The dangers of stimulants are growing with each year, increasing the need for stimulant addiction treatment options. Prescription medication abuse and cocaine use have become more popular, and stimulant use trends have paralleled deaths with other substances. Stimulants are a Schedule II controlled substance by the DEA and there are no approved medications for stimulant withdrawals.

So, what is a stimulant drug? A stimulant can directly affect your central nervous system through symptoms that increase alertness and clarity. Stimulants are commonly misused by students and athletes. The euphoric effects of stimulants include loss of appetite and wakefulness for extended periods.

Stimulants include:

  • Methamphetamines
  • Amphetamines
  • Cocaine
  • Methylphenidate
  • Caffeine

Side effects of stimulant use can result in:

  • Increased alertness and energy
  • Irritability or mood swings
  • Delusions and hallucinations
  • Sudden changes in heart rate and blood pressure
  • Depression and anxiety
  • Rambling speech
  • Increased risk-taking behavior
  • Nausea
  • Loss of appetite

What Is a Stimulant Addiction?

A stimulant addiction can be characterized by an uncontrollable urge to use a stimulant, despite the negative effects. Stimulants manipulate the reward centers of the brain by increasing the production of dopamine and norepinephrine. These are recognized as the pleasure hormones, which are critical to survival. 

The repeated behaviors to maintain the normal levels of dopamine cause dependence. The dangers of stimulants erode the lives of the user, causing withdrawal symptoms. Stimulants are often used in polydrug use. Mixing cocaine with alcohol or mixing cocaine with heroin (called a “speedball”) can pose lethal consequences. 

Long-term stimulant use can present drastic effects on the brain and cardiovascular system. Depending on the method of use, the dangers of stimulants can affect the nasal cavity and blood vessels.  Behavioral therapies are the best line of defense with stimulant addiction treatment.

What Are the Signs of Stimulant Addiction?

The potency, amount, and length of substance use will factor into your addiction. Stimulants can be snorted, injected, or smoked. The method of use indicates whether someone is addicted, particularly with prescription medications. Taking stimulants orally is the slowest acting way of releasing them into the body. 

Signs of a stimulant addiction may include some of the following:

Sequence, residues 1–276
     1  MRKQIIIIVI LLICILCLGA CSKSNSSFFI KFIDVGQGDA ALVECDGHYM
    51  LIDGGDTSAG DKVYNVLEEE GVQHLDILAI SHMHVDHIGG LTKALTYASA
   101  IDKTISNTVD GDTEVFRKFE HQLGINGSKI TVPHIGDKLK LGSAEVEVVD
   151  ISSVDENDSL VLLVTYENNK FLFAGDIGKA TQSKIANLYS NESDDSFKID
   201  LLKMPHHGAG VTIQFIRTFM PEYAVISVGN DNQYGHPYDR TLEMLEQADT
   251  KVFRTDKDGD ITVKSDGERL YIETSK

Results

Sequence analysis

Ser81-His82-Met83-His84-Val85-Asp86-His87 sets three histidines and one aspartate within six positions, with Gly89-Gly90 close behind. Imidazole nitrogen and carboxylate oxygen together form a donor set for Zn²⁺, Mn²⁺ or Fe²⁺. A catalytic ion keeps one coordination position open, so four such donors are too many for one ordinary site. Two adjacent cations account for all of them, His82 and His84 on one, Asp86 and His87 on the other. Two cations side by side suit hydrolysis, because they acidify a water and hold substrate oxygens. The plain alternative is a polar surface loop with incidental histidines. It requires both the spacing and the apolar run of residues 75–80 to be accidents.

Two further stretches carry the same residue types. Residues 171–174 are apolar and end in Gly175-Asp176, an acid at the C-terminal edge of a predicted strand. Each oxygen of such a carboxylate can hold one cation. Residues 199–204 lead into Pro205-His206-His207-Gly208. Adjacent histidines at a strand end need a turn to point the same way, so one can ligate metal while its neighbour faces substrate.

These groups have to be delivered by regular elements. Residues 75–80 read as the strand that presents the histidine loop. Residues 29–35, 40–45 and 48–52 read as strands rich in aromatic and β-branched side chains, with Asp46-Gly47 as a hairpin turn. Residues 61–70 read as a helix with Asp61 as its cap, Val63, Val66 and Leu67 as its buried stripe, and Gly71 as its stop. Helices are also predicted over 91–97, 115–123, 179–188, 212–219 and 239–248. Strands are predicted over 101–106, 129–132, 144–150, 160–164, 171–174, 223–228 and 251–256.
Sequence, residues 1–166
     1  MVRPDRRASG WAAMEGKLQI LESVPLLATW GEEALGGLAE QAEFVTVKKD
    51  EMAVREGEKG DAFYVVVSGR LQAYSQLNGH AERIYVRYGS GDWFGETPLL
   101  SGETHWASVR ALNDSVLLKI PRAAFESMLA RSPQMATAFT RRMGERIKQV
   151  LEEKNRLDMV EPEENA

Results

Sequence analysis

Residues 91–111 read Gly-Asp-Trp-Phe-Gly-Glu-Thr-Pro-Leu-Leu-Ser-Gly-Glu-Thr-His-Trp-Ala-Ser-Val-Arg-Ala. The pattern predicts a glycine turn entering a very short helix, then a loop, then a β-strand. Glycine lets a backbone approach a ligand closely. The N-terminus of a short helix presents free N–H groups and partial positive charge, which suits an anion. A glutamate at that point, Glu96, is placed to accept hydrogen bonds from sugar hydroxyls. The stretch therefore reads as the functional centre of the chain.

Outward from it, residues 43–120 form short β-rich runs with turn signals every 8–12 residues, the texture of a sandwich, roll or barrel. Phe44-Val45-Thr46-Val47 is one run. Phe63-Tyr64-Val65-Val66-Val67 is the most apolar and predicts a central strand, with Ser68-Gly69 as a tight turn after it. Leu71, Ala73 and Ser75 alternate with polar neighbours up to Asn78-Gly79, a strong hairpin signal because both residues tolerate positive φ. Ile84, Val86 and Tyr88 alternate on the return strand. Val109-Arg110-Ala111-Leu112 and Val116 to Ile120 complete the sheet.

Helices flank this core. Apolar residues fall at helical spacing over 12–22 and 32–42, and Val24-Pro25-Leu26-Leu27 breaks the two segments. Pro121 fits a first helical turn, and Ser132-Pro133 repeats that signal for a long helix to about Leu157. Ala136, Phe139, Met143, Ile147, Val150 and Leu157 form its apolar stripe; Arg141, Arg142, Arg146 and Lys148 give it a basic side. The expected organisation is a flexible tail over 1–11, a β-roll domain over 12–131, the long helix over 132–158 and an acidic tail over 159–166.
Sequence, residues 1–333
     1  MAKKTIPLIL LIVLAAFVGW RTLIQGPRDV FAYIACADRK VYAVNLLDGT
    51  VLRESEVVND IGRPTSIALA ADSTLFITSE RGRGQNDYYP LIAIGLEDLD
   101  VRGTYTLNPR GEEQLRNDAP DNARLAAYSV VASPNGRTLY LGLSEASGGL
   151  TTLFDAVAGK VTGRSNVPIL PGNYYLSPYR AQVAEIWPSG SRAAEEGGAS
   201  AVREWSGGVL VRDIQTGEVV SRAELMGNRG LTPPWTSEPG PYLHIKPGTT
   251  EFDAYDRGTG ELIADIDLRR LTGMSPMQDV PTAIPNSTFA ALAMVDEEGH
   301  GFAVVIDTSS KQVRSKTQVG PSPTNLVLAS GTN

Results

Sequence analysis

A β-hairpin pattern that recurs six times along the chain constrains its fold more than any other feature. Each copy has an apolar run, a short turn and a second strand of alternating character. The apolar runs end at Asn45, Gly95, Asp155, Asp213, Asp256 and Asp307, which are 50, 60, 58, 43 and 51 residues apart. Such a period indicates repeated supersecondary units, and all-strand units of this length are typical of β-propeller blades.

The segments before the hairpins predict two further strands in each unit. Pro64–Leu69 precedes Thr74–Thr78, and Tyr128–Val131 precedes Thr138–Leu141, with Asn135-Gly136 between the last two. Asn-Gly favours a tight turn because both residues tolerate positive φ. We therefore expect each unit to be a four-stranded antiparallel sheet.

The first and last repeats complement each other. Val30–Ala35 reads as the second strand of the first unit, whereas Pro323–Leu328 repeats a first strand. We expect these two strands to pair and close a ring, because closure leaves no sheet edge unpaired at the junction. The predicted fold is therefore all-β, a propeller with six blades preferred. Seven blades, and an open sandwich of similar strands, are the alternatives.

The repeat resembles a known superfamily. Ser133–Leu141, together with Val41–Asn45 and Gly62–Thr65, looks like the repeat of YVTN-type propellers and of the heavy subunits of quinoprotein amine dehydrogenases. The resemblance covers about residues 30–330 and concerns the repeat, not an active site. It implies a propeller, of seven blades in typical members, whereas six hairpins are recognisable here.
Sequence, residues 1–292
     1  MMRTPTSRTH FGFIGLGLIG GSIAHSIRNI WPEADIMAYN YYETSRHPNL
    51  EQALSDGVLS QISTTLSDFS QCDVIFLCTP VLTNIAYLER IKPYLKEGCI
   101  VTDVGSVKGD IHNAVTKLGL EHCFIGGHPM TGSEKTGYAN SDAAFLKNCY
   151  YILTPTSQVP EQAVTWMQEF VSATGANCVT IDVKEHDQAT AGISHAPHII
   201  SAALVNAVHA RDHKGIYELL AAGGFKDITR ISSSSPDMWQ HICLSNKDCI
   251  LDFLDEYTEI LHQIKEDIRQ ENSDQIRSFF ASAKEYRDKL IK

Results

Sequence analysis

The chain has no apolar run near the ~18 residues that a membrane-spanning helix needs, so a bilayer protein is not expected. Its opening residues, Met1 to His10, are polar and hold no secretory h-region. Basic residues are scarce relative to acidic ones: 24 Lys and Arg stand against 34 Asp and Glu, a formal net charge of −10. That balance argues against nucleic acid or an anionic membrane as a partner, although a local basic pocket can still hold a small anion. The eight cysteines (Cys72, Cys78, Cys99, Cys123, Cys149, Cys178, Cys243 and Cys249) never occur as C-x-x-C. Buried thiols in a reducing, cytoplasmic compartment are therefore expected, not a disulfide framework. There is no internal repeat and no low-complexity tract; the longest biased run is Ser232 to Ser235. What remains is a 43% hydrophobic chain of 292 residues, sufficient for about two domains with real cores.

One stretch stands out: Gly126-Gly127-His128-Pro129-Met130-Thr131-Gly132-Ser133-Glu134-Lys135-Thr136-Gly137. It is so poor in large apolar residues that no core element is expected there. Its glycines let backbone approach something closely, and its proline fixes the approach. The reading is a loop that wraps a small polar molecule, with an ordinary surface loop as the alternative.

• Increased self-confidence
  • Decline in personal hygiene
  • Disturbance of sleeping patterns, insomnia
  • Spending time recovering from stimulant use
  • Sudden weight loss or change in eating habits
  • Increased difficulty at work and school
  • Increased difficulty concentrating
  • Financial problems
  • Dilated pupils
  • Isolation

How to Stage a Stimulant Addiction Intervention

finding addiction support for familiesStaging an intervention will require a strong support system and plan of action. The intervention process can be uncomfortable, especially when watching a loved one endure so much. Seek help from a professional interventionist or counselor to provide you with more details. There is a chance the subject will deny their substance use.

Have a plan for the person to receive treatment for stimulant addiction. It’s best to stage the intervention in a neutral setting, with friends or close co-workers. It could help to do research with them or offer to transport them to support group meetings. The severity of their addiction will dictate the stage of care they need. Practice what you are going to say to the person struggling with stimulant addiction.

It’s recommended that you approach the person with facts about their substance use. Educating yourself about the specifics of addiction will only improve your chances of reaching them. Remind them that you’re only there for support through this difficult time. They will eventually have to recognize the depths of their substance use disorder.

Encourage them to see treatment as an opportunity to grow and learn from their substance use disorder. The language used to incorporate addiction can be jarring and inspire shameful feelings in the person. Remember to use “I” statements to express how their substance use has affected you and their relationship.

Resentment and hurtful expressions may come into play. Recognize that these interactions only promote more conflict. Seeking treatment for substance use requires a handful of courage and some people are not ready to take that step. If the person refuses, you have an opportunity to regroup for another intervention.

Stimulant Addiction Treatment in Northern Illinois

The continuum of care was created to provide the utmost care for all patients. It’s been reported that people who remain involved in the continuum of care have increased chances of recovery. 

Addiction has no cure but relies on your ability to look within to develop strength. Accessibility is a key point for those seeking addiction treatment. Escaping the societal pressures and stigmas of addiction treatment can liberate you from these coping mechanisms.